The Contemporary Storyteller by Gilad Segal

Narrative art captures, communicates, and explores stories. This genre of art—most often embodied in paintings and drawings - can be grand, presenting the viewer with a monumental event, or minute, identifying the smallest parts of our existence. It can examine the past, propel the viewer into the future, or expose our current choices and cultural contributions. People love to tell stories, and we have attempted to preserve the themes, triumphs, and conflicts of our lives since the earliest paintings and etchings on rock.

Jean-Michel Basquiat

To see the stories of the past come to life in paint and pencil, one can simply browse through images on museum websites or visit their grand galleries. And yet, it would take much more work to survey today’s narrative art contributions. One would need to visit countless galleries or be fortunate enough to attend a rare museum retrospective of a contemporary narrative artist to see the stories of our time come to life. While some of the great narrative artists of today are just beginning to be recognized by cultural institutions and have their work added to important private collections, it is more common for museums to display historic works that explore the past. The problems of our time – that is the responsibility of future generations to present.

Justin Wood : the Water : What Would You Have Me Do

And yet, narrative art seems well suited for our times. Whether it is through blogging, posting to online forums, or engaging in social media, we are living in a time in which any person with a computer and an Internet connection can share their personal narratives and opinions. It often seems that while we live in a time of unprecedented access to the global community, we have become obsessed with presenting ourselves.

Daniel Martin Diaz : The Seven Sorrows : Aeternus Vita

Today’s crop of narrative artists understand this behavior and benefit from presenting work to an audience that is already obsessed with personal and psychological discovery. Many artists today have a website and a blog. They engage with their collectors and fans through emails and social media. If one cannot identify the story being referenced in a painting by Daniel Martin Diaz, one only has to go to his website and contact him.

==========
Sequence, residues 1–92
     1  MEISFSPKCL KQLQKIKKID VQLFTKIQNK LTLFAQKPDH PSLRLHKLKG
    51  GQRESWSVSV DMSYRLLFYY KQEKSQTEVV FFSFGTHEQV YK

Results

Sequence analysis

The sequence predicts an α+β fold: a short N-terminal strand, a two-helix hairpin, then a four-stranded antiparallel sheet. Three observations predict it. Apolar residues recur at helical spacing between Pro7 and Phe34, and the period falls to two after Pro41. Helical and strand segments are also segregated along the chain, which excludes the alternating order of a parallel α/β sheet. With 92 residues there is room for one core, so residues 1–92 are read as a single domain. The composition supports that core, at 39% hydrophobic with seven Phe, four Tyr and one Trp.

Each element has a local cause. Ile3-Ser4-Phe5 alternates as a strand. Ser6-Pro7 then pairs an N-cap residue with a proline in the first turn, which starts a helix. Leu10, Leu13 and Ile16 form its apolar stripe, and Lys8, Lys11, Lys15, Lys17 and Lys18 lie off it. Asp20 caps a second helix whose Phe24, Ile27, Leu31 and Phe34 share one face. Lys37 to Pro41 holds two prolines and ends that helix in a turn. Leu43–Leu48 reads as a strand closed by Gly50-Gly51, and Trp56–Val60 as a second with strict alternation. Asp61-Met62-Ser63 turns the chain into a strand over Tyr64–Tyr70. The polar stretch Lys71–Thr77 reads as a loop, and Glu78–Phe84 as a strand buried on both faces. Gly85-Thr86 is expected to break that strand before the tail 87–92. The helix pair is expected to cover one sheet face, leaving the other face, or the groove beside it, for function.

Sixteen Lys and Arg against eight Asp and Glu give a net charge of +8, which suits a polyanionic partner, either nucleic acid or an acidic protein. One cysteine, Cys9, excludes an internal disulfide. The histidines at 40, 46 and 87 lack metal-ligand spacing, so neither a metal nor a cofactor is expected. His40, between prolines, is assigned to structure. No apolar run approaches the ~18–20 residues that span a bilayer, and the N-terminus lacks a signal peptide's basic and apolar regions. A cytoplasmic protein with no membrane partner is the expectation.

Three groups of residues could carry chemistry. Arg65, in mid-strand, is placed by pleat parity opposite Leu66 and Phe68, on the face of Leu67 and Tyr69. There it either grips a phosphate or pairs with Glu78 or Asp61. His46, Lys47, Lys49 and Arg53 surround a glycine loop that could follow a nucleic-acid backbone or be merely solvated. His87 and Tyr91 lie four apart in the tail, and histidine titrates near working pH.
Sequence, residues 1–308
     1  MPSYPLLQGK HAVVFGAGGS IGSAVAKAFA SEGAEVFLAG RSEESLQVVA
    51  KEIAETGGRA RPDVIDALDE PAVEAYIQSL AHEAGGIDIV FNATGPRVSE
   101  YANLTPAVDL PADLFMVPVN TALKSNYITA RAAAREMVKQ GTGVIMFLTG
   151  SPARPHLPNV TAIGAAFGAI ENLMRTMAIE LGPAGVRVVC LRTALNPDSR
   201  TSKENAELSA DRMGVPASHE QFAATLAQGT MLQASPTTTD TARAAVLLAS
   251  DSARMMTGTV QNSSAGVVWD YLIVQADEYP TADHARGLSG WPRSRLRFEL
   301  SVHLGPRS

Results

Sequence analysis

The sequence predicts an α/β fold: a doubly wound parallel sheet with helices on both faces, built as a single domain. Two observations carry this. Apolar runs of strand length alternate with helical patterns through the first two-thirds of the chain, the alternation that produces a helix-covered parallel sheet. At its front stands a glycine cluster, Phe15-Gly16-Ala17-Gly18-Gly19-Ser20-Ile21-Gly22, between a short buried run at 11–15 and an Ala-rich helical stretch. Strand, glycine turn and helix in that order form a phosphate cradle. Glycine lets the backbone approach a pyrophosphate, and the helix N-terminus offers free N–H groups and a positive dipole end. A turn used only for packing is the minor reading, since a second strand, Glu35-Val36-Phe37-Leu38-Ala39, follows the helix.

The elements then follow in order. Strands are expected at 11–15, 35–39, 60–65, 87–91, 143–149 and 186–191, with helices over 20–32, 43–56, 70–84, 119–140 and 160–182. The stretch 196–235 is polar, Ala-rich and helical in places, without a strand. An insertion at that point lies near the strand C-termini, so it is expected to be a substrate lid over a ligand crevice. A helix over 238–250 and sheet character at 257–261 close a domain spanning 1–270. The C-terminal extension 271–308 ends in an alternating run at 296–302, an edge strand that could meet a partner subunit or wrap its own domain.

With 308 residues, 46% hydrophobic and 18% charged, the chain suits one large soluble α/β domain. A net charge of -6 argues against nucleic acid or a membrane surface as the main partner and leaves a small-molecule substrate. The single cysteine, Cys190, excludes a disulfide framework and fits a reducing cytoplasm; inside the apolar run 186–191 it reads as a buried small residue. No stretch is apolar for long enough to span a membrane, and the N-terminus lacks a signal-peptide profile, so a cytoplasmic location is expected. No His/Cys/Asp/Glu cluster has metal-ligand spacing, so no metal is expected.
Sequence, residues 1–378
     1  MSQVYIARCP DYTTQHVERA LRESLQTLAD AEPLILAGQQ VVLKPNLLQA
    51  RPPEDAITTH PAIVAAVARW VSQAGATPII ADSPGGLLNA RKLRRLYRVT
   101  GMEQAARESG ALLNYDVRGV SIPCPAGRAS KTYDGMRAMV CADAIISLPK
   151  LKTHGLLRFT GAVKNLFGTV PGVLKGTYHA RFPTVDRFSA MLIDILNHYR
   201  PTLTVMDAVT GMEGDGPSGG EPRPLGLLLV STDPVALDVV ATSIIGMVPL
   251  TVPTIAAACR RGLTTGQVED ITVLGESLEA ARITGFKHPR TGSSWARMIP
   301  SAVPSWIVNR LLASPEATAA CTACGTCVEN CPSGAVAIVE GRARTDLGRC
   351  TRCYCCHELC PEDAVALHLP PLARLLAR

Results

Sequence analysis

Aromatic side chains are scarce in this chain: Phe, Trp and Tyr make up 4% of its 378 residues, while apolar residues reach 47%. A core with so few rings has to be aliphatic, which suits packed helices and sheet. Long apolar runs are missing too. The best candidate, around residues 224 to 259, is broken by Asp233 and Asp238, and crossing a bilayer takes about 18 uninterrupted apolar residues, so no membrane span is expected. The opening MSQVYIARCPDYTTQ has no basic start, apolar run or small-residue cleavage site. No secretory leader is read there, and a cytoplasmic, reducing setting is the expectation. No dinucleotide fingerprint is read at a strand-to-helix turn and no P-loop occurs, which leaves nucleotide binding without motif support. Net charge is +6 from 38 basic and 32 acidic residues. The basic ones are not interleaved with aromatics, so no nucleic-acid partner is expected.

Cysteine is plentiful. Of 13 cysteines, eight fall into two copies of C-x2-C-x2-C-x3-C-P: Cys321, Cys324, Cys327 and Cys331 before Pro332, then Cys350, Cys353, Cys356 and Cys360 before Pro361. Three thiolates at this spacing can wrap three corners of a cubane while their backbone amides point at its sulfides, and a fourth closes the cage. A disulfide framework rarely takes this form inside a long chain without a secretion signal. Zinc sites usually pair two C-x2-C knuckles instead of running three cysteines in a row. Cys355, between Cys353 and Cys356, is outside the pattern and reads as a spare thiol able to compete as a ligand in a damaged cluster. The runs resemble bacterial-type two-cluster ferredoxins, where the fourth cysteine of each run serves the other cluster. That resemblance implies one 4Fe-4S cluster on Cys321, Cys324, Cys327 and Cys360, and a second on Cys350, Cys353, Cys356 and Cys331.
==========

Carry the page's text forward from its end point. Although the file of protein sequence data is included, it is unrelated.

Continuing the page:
Micah Ganske : The Full Picture : Vacation’s End (featured in exhibit)

Technology and our relationship with social media is a dominant theme in the work of Micah Ganske. As the artist states, “This subject is close to me because I was born and raised in Honolulu, Hawaii, yet spent most of my time indoors with my computer.” In his painting “The Full Picture,” we view a family on vacation posing for a portrait through the screen of a digital camera. The beautiful image reflects the family’s relationship with technology and our ability to immediately share our experiences with others through technology – this is a family portrait that will be shared on Facebook later the same day.

Kelsey Brookes : CA

In works by the Californian artist, Kelsey Brookes, we are often reminded that we are not the center of the universe. A trained scientist, Brookes’ canvases often depict a central figure surrounded by microorganisms that float and interact with each other. Often spiritual and always reflective in nature, Brookes reminds his viewer that she is but one creature in a world brimming with all forms of life.

Henry Gunderson : Cactus : Capsize

There are very few rules for narrative art and in this way too, it is appropriate for our time. Themes and imagery that were once considered taboo rarely affect us. Our culture is saturated with visual imagery, and as a result, narrative artists today face the challenge of being honest storytellers, while at the same time finding a way to hold our attention.